In shooting, what sort of scenes would 360° Spatial Audio be most effectively recorded?

OhkumaI am myself now running field tests, and making confirmations. Sounds include the Shibuya scramble intersection where sounds from all directions, the middle of a forest where a downpour of chirping cicadas can be heard from all directions, etc. Among these, the place where tensions rose particularly high was the park located right next to the Haneda Airport. The roar of the airplanes accompanied take-offs and landings that seemed to be coming right over one’s head. This is an interesting shot with the sound naturally being part of it, that I would want to show off to someone.
And then for a hobby I play the sax, and took a shot of myself playing a musical piece.
Compared with past instruments, the sound had changed completely. I think that I had recorded it in a form close to the sound actually heard by ear. It surely showed the strengths of a music live recording.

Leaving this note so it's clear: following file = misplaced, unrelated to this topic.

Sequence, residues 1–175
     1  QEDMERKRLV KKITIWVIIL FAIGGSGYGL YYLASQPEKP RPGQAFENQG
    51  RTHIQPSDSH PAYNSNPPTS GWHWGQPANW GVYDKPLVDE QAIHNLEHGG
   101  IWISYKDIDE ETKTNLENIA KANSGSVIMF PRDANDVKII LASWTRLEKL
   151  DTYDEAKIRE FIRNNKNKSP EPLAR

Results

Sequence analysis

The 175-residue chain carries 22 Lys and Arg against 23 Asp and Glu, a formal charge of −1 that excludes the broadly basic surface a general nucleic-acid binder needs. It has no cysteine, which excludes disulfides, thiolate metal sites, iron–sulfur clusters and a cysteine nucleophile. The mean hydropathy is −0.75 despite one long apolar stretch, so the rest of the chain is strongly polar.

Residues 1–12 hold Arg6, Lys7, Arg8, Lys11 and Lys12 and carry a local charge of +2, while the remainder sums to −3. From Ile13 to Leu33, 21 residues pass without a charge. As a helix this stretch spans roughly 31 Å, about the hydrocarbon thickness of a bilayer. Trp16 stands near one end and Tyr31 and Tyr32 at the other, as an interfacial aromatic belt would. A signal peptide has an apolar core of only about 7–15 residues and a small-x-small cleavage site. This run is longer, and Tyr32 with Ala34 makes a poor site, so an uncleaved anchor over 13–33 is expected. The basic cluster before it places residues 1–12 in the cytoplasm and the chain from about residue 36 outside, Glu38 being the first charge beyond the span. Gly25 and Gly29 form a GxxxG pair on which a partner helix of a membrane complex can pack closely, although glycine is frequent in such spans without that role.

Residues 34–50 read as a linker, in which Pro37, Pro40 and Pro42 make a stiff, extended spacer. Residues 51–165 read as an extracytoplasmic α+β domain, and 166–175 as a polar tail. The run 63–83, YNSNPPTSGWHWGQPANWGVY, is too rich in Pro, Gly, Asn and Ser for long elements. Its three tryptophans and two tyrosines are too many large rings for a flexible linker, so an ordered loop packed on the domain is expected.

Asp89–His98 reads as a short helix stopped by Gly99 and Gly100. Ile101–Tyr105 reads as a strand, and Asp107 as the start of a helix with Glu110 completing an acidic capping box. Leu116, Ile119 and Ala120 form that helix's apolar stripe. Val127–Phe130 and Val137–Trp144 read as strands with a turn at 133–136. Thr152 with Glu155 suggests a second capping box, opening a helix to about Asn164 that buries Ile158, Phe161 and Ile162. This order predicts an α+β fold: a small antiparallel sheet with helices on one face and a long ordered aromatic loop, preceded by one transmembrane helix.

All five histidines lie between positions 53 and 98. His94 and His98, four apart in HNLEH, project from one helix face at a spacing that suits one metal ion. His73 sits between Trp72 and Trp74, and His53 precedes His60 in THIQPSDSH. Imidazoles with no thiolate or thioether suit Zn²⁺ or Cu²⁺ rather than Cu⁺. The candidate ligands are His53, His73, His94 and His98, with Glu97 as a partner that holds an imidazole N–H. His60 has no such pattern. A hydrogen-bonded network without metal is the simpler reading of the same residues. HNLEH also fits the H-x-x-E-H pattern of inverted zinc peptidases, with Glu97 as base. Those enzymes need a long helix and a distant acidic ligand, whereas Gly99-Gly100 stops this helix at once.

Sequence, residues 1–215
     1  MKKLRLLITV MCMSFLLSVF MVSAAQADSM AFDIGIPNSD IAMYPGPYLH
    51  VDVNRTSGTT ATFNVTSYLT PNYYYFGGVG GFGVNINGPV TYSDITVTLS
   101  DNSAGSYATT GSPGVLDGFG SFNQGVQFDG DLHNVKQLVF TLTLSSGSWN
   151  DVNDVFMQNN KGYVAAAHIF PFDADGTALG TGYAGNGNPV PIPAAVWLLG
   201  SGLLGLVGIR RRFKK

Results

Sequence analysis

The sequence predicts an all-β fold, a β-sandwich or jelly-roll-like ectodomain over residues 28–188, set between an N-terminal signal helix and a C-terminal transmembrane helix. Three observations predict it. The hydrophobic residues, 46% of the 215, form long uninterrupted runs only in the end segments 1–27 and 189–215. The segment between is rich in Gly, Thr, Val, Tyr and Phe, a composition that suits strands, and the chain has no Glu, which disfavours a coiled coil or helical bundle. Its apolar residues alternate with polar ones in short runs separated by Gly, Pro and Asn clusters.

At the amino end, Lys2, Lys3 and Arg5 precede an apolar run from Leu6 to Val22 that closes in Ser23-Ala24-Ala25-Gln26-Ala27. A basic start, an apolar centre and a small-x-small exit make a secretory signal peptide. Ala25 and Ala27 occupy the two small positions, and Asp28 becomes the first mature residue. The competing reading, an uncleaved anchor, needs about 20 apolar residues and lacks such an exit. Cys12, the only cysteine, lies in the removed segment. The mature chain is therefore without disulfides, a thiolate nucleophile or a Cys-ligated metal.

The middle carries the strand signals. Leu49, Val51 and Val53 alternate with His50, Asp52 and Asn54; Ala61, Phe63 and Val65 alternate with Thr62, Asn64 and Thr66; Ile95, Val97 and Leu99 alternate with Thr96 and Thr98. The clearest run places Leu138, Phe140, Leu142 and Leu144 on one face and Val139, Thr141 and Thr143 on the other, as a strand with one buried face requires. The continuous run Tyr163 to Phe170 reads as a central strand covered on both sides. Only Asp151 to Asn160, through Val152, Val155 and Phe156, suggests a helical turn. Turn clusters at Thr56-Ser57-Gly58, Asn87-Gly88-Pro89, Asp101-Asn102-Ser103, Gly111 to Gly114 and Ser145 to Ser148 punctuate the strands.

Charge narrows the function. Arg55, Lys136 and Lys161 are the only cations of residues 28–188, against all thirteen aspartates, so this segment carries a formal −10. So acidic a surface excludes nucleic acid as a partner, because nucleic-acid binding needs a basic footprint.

This also is one of my hobbies, but when I play tennis, and record myself in the center near the net I felt a reality of image and sound never seen before. If I don’t pay attention, I could get hit. (laughs)
I think that it is a good thing to switch between various locations.
The taiko drum and flute sounds, etc., at summer festivals, etc.., were also good.
The atmospheres at theme parks and tourist attractions can also be shot without omitting anything. I have the feeling that it will change the quality of our memories.
Because of the high sensitivity, sounds can be collected that the person shooting were not even aware of, and it is fun to listen for these later on.

“Most of all, we thought about the characteristic thin-type design and the balance between microphone frequency characteristics and directionality.”

MatsuuraWhile my scenes were quite different from those of Mr. Ohkuma, I think that the effects of closed spaces are easy to understand.